Windows 8 Release - First Impressions
Tech Radar - 4.5/5
The following excerpts are taken from the Tech Radar review. You can read the full review here.
- On the right hardware, it's sleek, fast and fun
- Huge security improvements
- Better battery life, faster boot
- Great for touch
- Start menu gone
- Can't boot to the desktop
- You'll want a touchscreen/trackpad gestures/Touch Mouse
- Modern UI will annoy some
- Some older CPUs won't run it
Keep an open mind, spend some time getting used to the charm bar and the Start screen. Once you do, we defy you not to be impressed by Windows 8.
CNET - 4/5 Excellent
The following excerpts are taken from the CNET review. You can read the full review here.
embraces the future wholeheartedly. Log-in and boot times are fast, the apps look gorgeous, and the Sync feature brings seamless transition between devices.
The learning curve is steep and in-app navigation isn't obvious. There are just too many known unknowns here.
The Bottom Line
Microsoft makes an aggressive, forward-thinking, and bold statement for the future of PCs with Windows 8, and vast security and speed improvements more than justify the $40 upgrade price.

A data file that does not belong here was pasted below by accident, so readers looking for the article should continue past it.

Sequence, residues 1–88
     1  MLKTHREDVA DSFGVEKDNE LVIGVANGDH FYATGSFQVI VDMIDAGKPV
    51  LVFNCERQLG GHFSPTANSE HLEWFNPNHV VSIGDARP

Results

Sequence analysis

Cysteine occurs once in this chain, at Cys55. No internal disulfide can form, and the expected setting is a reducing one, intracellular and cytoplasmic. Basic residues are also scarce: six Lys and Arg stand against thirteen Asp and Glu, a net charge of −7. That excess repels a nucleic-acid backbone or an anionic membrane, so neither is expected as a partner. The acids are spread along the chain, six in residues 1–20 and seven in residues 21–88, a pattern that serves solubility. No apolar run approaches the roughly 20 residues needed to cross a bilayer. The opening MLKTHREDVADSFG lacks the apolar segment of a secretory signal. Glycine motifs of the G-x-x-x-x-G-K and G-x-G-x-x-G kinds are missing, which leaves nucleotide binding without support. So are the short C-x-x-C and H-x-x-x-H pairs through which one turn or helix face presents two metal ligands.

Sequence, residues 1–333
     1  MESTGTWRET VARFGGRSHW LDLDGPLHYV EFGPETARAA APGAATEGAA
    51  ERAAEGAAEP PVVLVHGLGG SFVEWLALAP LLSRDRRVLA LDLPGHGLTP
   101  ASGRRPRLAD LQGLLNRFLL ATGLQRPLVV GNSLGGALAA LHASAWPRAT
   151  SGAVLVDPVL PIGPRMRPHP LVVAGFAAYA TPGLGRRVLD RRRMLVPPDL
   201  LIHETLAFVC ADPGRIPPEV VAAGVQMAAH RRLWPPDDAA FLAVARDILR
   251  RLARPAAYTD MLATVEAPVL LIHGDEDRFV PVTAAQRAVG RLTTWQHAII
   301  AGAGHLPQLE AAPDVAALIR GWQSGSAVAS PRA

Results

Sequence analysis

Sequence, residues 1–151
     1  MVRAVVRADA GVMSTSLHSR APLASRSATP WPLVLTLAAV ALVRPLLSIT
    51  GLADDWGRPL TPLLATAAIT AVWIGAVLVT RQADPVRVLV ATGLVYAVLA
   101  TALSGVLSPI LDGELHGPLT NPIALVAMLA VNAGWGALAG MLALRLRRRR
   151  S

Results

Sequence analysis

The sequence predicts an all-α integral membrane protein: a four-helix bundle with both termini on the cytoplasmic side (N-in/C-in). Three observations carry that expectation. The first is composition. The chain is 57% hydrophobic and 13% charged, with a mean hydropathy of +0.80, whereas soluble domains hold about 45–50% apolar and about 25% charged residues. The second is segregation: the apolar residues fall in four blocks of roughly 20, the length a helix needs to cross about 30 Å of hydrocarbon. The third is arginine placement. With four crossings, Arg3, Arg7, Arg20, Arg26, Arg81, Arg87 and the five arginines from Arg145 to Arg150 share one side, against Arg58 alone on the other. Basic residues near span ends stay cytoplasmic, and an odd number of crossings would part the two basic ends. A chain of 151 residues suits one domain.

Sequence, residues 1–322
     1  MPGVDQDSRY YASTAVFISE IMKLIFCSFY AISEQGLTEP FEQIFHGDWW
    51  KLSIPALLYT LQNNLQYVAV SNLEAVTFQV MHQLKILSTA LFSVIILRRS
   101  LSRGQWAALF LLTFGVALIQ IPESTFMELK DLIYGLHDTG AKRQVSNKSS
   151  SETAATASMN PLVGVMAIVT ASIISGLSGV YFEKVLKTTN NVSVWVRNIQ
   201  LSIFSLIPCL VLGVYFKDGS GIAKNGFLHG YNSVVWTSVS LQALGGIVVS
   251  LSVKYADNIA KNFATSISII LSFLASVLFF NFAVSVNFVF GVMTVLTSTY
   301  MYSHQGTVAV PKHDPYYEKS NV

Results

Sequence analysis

After spending the better part of a year with various forms of in-development Windows 8, we're giving it a strong recommendation in no small part because of its value
The following excerpts are taken from the PC World review. You can read the full review here.
Windows 8 isn’t for everyone. If you’re mostly a desktop PC user comfortable with Windows 7, upgrading to Windows 8 is probably not worthwhile.
The following excerpts are taken from the CNN review. You can read the full review here.
ouch and trackpad gestures are intuitive and make navigating the Windows 8 environment a breeze. Snapping apps is useful for multitasking. Desktop gets its own improved tools like Task Manager and File History. Windows 8 is pushing touch and all sorts of new hardware experiences, which is good for consumers. Good price for online upgrades.
Windows Store is still relatively low on apps. Ambiguity between x86 and Windows Store apps in Microsoft messaging and when pinned on Start Screen. Windows 8 will take effort to get used to, and not all users want to learn a new operating system and interface. Microsoft risks alienating legacy users. Several feature details still need polish.
The touchscreen actions are a huge gain for usability, and the interface is gorgeous. I wouldn't go back to Windows 7 after using Windows 8; I'd miss the touch controls too much.
The new start-up screen in Windows 8.
Tell Me What to Think!
So what does all of this mean? Initial feedback on Windows 8 has been positive, but most reviews do mention that there is a learning curve to the new layout and tablet interface. If you're running a Windows operating system that was purchased prior to June 2nd, 2012, you are able to purchase a downloadable upgrade for $40.00. Those of you who purchased a new laptop or PC with Windows 7 after June 2nd are eligible to purchase a reduced price upgrade option for $15.00.
As for me, I'm due for a new laptop or PC so I doubt I'll be upgrading my current system. However, it's still only $40.00 and I would strongly consider the upgrade if I expected more than a year or so out of my laptop.